Ready right now? To set up the required in-person appointment with the Classics Program Coordinator, Elisabetta Cova, please email email@example.com.
When to Declare
Ideally, you should declare the major or minor as soon as possible, in order to take advantage of departmental advising in planning the best sequence of upper-level courses. There are no prerequisites you need before declaring.
Explore the Different Tracks in the Major and Minor
The Classics Major is divided into three specific tracks (Classical Civilization, Greek, and Latin) with different course requirements. The Classics Minor is also divided into three specific tracks (Classical Civilization, Greek, and Latin). Examine the tracks and think about which one suits your interests best. You can make an appointment with the Program Coordinator to get more information.
Initial Advising Appointment to Declare the Major or Minor
The next step is to contact the Program Coordinator, preferably via email firstname.lastname@example.org. You should request an appointment. At that appointment, the Program Coordinator will be able to answer your preliminary questions about the major or minor. You, in turn, will be asked about your background, your current interests, and your long-range plans to help you create a fulfilling program appropriate to your interests and goals.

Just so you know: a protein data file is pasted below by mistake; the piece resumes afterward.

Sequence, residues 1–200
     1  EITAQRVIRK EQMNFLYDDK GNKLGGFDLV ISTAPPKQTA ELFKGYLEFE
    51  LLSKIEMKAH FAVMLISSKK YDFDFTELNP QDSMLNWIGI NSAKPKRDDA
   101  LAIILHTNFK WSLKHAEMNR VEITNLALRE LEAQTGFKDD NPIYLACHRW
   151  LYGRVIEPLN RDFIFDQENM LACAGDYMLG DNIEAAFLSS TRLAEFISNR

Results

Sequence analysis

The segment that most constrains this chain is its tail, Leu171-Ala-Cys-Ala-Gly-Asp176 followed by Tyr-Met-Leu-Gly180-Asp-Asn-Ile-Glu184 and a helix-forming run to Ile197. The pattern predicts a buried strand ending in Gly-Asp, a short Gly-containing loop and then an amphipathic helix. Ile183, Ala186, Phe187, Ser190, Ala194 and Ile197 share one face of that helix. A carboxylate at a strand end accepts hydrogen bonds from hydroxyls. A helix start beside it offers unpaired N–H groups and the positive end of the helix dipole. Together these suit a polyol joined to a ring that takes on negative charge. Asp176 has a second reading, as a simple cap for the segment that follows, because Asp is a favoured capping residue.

Advising for Majors and Minors
Once you have declared your major, you will have access to two different advisors: your L&S college advisor, who will help you with your overall degree requirement and the Program Coordinator, who will answer any questions that come up regarding technical aspects of the major (e.g., which courses satisfy which requirements).
You should plan to meet with your advisor once a semester, before registering for classes, to talk over your progress in the major and your plans for future classes.
A good sequence for majors and minors would be this:
- First see what courses you need to fulfill specific requirements and which of those are being offered in the upcoming semester.
- Then, go to the online schedule and check what courses will be offered. The course descriptions attached to the classes on the UWM Schedule web site should help you to refine your choices by telling you what texts will be covered, what the main issues of the course are likely to be, how many papers and exams will be expected of you, how grades will be determined, and so on.
- Next, talk over those choices with your major advisor to get his/her feedback.
- Remember to do all this early enough so as not to be closed out of any courses you may want or need.